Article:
I couldn’t tell you the number of times I’ve made a determined effort to learn Hungarian. I’ve gone to classes twice a week. I’ve taken an intensive course and even got an A on my final paper. I’ve had private tuition with various teachers. I’ve tried CDs. I’ve bought books. And still, so many years later, I’m still struggling. Read more
I like the road of least resistance. I can be quite lazy. If you can do it better, quicker, and more effectively than I can, then have at it. I’m not one to feel I have to prove a point. Usually, when confronted with an easier, equally moral option, I’ll take it. I see this so often when it comes to using my pitiful Hungarian. If I’m with someone who speaks it better, I simply don’t try. If I get a firm nem (no) to my initial inquiry as to whether the other party speaks English, which, by the way, is just about the only complete sentence I can pronounce pretty near perfectly in Hungarian, I usually thank them, hang up, and have someone else call for me.
But on Friday last, something clicked in…or clicked off. Perhaps the lazy gene is on sabbatical.
The electricity lads have been after me to do a meter reading. I’ve been away each time they’ve called and their notes were getting slightly more frequent. They dropped a note in my box sometime Thursday to say they’d call Friday between 4 and 6. I didn’t see it till Friday lunchtime – I don’t check the mail daily because it’s usually window envelopes and junk, neither of which particularly rock my world. Anyway, I was meeting a mate for a coffee at 4 and didn’t want to reschedule. Himself had plans, too. So I took a deep breath, picked up the phone and rang the number.
The chap who answered, answered simply with a harried Igen (Yes?) I wondered if I had the right number. No mention of the company at all. I asked, haltingly, ELMŰ? Another igen. This time a little softer.
I asked if he spoke English and got a firm nem for my troubles. I was about to thank him and hang up but a voice in my head taunted me. It’s been a while since I was called a scaredy cat!
So, in pitiful Hungarian, I explained that I didn’t speak the language very well (another sentence I can say almost perfectly!) and that I was slow, hoping that in Hungarian it didn’t have the same alternate meaning as it does in English – there’s nothing wrong with my intellect – just my language skills. He laughed. So perhaps it does mean the same.
Anyway, I went on to say that I had a letter in my mailbox saying I had an appointment that day but that I wasn’t at home. It said that they could come on Monday, even though Monday was a holiday, so I asked when he could come then. He suggested Saturday instead. Now this is where I got a little cocky, I tried my hand at banter. I think I said that working on a Saturday wasn’t a good thing. I got another laugh. Man, I was on a roll.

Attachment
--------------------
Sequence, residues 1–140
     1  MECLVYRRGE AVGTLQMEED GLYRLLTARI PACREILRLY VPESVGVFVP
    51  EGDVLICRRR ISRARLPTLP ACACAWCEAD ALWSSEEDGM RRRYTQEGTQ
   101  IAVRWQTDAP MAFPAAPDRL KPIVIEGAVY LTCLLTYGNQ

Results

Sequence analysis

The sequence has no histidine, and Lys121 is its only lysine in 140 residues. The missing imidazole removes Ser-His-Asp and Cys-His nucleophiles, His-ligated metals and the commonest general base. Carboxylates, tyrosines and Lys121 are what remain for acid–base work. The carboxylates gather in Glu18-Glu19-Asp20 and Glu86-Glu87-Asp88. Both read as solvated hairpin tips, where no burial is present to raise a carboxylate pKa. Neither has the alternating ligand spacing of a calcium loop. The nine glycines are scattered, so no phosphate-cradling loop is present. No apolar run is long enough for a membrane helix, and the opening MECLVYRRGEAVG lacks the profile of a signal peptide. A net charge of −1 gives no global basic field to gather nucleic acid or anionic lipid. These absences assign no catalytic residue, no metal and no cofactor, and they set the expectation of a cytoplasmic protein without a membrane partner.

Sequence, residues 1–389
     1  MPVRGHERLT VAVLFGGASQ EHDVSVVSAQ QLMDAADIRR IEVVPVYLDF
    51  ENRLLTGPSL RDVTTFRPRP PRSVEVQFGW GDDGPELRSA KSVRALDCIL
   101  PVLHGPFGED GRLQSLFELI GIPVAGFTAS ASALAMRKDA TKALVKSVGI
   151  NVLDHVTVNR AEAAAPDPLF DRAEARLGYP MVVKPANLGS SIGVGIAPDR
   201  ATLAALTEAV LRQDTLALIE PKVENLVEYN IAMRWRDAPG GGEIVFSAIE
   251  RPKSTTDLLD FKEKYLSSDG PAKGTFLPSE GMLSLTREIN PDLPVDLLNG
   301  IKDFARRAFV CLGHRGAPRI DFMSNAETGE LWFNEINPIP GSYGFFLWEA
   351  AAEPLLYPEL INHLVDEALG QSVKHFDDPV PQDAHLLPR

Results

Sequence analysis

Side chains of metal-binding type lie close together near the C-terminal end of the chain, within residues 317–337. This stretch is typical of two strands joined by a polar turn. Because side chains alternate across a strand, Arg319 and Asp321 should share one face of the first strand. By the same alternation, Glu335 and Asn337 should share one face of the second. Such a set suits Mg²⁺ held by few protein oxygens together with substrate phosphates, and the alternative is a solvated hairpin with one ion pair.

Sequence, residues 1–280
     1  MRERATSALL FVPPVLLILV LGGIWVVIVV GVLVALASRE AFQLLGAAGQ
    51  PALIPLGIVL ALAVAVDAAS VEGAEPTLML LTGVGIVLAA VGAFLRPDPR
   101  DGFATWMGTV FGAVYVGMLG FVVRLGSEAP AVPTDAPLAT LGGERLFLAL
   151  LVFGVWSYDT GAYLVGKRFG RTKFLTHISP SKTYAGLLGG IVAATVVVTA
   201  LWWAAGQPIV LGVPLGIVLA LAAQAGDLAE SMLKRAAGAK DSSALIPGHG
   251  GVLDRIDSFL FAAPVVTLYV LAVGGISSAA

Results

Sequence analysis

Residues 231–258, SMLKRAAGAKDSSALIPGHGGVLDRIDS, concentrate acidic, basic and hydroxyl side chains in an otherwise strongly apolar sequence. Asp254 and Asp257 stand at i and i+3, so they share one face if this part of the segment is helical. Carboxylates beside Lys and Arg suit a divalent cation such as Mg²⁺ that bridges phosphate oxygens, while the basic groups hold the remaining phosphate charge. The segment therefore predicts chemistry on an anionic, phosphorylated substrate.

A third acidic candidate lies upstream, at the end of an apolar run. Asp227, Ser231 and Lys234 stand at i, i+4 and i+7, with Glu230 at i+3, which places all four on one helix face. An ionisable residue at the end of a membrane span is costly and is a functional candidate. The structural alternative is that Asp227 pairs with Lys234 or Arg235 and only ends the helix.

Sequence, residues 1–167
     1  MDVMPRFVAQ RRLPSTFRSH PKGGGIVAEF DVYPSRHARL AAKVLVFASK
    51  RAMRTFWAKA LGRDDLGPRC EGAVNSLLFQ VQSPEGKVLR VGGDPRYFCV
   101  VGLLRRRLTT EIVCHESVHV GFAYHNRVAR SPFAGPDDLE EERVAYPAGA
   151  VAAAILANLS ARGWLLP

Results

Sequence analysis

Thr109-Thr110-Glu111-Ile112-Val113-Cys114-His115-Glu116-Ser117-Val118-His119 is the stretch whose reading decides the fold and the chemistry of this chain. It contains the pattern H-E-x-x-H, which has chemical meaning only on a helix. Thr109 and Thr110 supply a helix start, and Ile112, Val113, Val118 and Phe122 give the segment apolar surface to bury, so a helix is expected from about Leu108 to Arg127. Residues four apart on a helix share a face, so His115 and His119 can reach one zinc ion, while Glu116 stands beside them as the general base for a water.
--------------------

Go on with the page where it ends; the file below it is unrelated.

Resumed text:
I asked what time. He said 10am. And then he took off… a fast roll of three consecutive sentences that I completely missed. But I wasn’t even listening. I was on a high. We said our goodbyes. I thanked him for his patience. And as I hung up, I wondered if he’d come.
The next morning, I was out. But himself was here. And they came to read the meter shortly after 10am. Score for me!!!
I’m ridiculously pleased with myself, which is sad really. Ten years and this one successful conversation is what I have to show for it. But perhaps this is the start of it all coming together. Regardless. I’m grateful that I can chalk up a Hungarian language success, however minor.
If you know someone who might enjoy reading this post, why not share it?
On the plains of hesitation bleach the bones of countless millions who, at the dawn of victory, sat down to wait, and waiting – died! So said William A. Lawrence, and in fairness, the man has a point.
Procrastination. It’s a slow killer. It robs us of our time, screws with our dreams, and turns life into as series of tomorrows. Although scoring off the scale in Belbin’s team scoreboard as a completer-finisher, I still need to cross that initial hurdle and start.
Completer-Finisher Most effectively used at the end of tasks to polish and scrutinise the work for errors, subjecting it to the highest standards of quality control. Strengths: Painstaking, conscientious, anxious. Searches out errors. Polishes and perfects. Allowable weaknesses: Can be inclined to worry unduly, and reluctant to delegate. Don’t be surprised to find that: They could be accused of taking their perfectionism to extremes.